Re-working a classic, with murder
Like Janeites everywhere I asked for ‘Death Comes to Pemberley,’ by P.D. James, for Christmas. How could I resist, my favorite characters from ‘Pride and Prejudice,’ reworked by one of my favorite crime writers? As the publisher said: “A rare meeting of literary genius: P. D. James, long among the most admired mystery writers of our time, draws the characters of Jane Austen’s beloved novel Pride and Prejudice into a tale of murder and emotional mayhem.” A concept novel that couldn’t miss. Or could it?
Attracting readers (and buyers) is one thing. Dame Phyllis’s publishers in the UK and the US knew what they were doing, releasing it during the big holiday book-buying season. I just wish the experience had matched the expectations.
Nothing is awful about ‘Death Comes to Pemberley,’ but nothing is all that great either. The story begins as Darcy and Elizabeth have been happily married for six years and have two young sons (which in aristocratic fashion they love but rarely see.) On the eve of a ball at Pemberley the youngest Bennet sister, Lydia, arrives in typical fashion: in a crisis and hysterical. Her husband Wickham and old beau Captain Denny have disappeared in the woods nearby and gunshots were heard.
But before this action James feels it’s necessary to recap the entire story of ‘Pride and Prejudice.’ This was unnecessary in my opinion. A classic novel, one of the most widely read in the English language, and the entire reason for the current work? It’s a fair assumption that the story is known by readers. If not, hey, go read it, people! Or watch one of half a dozen movies. The recap just made me antsy for the story.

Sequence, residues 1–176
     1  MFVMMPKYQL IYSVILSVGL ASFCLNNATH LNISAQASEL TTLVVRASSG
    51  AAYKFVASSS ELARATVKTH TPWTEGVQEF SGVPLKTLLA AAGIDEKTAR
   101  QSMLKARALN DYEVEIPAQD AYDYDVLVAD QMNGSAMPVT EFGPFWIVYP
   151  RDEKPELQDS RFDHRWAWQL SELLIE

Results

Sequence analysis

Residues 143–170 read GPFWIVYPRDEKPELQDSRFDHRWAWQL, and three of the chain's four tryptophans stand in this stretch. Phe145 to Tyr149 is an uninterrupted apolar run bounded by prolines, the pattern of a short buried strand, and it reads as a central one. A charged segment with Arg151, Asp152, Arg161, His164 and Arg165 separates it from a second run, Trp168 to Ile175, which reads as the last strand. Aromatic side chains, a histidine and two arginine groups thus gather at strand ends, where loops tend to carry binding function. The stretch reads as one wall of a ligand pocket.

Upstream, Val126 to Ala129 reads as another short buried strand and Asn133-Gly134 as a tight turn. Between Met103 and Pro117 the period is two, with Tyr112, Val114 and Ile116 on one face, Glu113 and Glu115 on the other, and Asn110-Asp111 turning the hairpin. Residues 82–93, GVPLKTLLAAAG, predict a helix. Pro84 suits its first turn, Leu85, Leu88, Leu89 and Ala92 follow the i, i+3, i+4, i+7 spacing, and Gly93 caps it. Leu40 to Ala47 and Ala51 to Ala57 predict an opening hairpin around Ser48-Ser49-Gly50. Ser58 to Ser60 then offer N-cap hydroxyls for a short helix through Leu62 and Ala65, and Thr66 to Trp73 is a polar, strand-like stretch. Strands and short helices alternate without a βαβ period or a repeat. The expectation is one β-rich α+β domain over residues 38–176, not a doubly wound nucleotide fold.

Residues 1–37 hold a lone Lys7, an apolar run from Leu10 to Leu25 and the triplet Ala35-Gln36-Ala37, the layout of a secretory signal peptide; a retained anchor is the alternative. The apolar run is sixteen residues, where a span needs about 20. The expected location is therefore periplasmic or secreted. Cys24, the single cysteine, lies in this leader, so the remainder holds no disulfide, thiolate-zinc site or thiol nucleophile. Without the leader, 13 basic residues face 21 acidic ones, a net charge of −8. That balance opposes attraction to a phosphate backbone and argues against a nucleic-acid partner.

Which would be fine if the rest of the story lived up to the original. That was silly of me, wasn’t it, to hope for an experience as magical as ‘Pride and Prejudice?’ Ah, I didn’t really, but yeah, okay, a little. The joy of the original was in the characters, their wit and charm and sparkling repartee. None of that wit and charm transmits in James’s prose. Darcy is upright and proper but little else. Elizabeth is a great hostess. Lydia is annoying. Wickham is a bad boy. But none of them live and breathe.
Even that might be okay if we were experiencing a classic PD James mystery, full of intelligent, cagy people and twists and turns. Unfortunately the entire story leads up to Wickham’s trial, mostly angst and historical facts about the English legal system. At one point James almost gives a dissertation on appellate courts. It’s just, sadly, dry as toast. And when it’s all over she favors us with a conversation between Darcy and Elizabeth to wrap things up, and wrap and endlessly wrap.
P.D. James is my hero! At 91 she is still writing novels. Maybe she’ll go back to Adam Dalgleish and modern problems. Many writers have written continuations of Austen novels before her, and more will probably in the future. If ‘Death Comes to Pemberley’ is any indication we’d all do better to go read Jane’s ouevre — again. They never disappoint.